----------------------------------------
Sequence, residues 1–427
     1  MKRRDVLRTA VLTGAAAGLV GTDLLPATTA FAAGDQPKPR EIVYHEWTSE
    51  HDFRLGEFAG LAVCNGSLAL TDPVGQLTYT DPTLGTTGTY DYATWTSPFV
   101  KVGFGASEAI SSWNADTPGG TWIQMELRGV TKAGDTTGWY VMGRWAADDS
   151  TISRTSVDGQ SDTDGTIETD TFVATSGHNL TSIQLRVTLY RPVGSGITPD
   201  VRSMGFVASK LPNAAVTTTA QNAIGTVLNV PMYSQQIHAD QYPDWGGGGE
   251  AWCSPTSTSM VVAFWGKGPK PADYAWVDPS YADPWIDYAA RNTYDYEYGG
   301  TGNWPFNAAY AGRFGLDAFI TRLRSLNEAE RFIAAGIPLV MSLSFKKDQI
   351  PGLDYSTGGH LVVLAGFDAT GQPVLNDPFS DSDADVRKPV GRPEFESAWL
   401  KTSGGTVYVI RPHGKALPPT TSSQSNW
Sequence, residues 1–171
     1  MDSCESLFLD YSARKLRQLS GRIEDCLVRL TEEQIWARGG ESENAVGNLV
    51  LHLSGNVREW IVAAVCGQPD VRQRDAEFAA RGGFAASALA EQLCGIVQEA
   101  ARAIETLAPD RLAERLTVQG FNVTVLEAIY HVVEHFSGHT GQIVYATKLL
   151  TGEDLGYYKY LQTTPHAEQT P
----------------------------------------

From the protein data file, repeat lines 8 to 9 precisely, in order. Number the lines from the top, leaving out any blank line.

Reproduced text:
   301  TGNWPFNAAY AGRFGLDAFI TRLRSLNEAE RFIAAGIPLV MSLSFKKDQI
   351  PGLDYSTGGH LVVLAGFDAT GQPVLNDPFS DSDADVRKPV GRPEFESAWL